(This is the part where I indulge in the “ruminations” promised in this blog title)

If you’ve read any of the posts on the home page of this blog, you know that reading and reviewing regularly is something I’ve struggled with over the course of the last few years. Part of it has been due to changes in my life. 2009 and 2010 were whirlwind years for me- I graduated from college, and I thought that the 50 books I read in 2008 would be a pittance compared to what I was reading once I was out of school and my only obligations were to work. Boy was I mistaken. Each year, I have read progressively less and less, and 2012 was my worst year of reading EVER.

2013, to this point, hasn’t been much better. I’ve completed only 9 books. I’ve been trying to figure out if this is due to a lack of interest in reading, or in the books I have themselves. After looking over my books, it’s not a lack of interest in them. I recently reviewed some of them, and I kind of wanted to pick them all up and read them, so it’s not that. And I do still want to read. It’s not a matter of not having time to read. After losing my job last month, I pretty much have nothing but time to read. Yet since I’ve been off, I’ve only completed two books. In the first month I was unemployed in 2009, I read five books.

Ultimately, I came to the conclusion that I didn’t feel like I was getting as much out of my reading as I wanted to, and that’s part of what’s been keeping me from reading regularly. I haven’t felt like I’ve connected to a book I’ve been reading in ages- with one exception. The first book I read on what I’ve taken to calling my “Life Restructuring” on Twitter was Tolstoy and the Purple Chair by Nina Sankovich, and it was everything I needed in a book at that moment- a woman using books to help her get through a difficult time in her life. Though I may not be grieving the loss of a loved one, losing my job was a MAJOR blow.

I want that feeling. I want to be able to turn to a book- any book- and get something out of it. I want to be able to read with purpose. So I am working on retraining my brain to try to get more out of what I’m reading. To that end, I’ve been reading Thomas C. Foster’s How to Read Literature Like a Professor. I’m only about halfway through, but it’s proven interesting so far. If nothing else, it’s given me some ideas on some possible next steps to get more out of my reading. For example, I want to spend some time going back and reading some of the classics. For all the literature and history classes I took in college, I still sometimes feel like my education was lacking with regard to early literature. One of the things I’ve gotten out of Foster’s book is that intertextuality is a huge part of literature, and I really want to brush up on that.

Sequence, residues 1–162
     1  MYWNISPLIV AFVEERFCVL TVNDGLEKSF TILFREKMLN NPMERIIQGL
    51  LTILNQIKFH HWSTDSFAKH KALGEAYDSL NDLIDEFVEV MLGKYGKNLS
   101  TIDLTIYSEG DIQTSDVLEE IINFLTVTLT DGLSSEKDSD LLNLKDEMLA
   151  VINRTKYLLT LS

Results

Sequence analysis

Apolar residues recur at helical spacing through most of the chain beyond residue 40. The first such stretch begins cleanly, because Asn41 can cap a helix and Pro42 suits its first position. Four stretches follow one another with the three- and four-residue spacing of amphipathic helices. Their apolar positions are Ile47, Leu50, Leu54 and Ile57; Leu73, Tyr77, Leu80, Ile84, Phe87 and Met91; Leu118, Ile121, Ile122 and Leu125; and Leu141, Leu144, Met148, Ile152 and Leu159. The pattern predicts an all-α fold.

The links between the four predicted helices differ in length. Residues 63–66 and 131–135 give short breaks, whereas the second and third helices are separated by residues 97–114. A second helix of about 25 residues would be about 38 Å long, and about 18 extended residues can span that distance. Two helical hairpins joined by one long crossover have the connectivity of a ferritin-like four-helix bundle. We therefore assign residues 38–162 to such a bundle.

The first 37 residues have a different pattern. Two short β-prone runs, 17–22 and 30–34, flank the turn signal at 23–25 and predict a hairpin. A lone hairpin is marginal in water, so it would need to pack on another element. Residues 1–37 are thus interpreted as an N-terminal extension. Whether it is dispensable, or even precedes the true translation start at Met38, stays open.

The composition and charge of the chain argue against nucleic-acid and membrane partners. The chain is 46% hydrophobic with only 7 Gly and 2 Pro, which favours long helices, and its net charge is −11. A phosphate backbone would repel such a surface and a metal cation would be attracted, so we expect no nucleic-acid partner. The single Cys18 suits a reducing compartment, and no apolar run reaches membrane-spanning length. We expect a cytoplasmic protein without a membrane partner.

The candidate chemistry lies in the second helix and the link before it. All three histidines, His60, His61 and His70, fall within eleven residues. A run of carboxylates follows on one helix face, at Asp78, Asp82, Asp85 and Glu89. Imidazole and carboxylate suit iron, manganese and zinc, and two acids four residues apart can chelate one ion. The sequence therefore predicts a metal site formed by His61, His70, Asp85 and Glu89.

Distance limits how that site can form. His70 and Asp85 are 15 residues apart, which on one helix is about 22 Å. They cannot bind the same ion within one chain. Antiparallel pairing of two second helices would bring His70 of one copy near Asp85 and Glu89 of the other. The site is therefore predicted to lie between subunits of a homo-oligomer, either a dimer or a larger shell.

There was also a really fascinating post on Book Riot last week about making notes and marginalia in books. When I was younger, I was never much a fan of making notes in novels beyond the required collegiate notes. I’d highlight and underline the hell out of the books I read for my history classes, but not so much with the novels. Every now and then, I’ve tried to make notes in the novels I’m reading, but it always feels insincere- like I’m responding how I think a professor might want me to respond. For whatever reason, it’s just easier with non-fiction. I’m hoping that Foster’s book will help with that as well.

In the meantime, I’d like to know: what are some tricks you use to try to get more out of the books you’re reading? Do you want to connect with the books you read? Or are you more of the, “read for pleasure and escape, but not necessarily meaning” type? (The last, by the way, is a valid response. In it’s own way, I think reading for pleasure and escape has it’s own meaning.)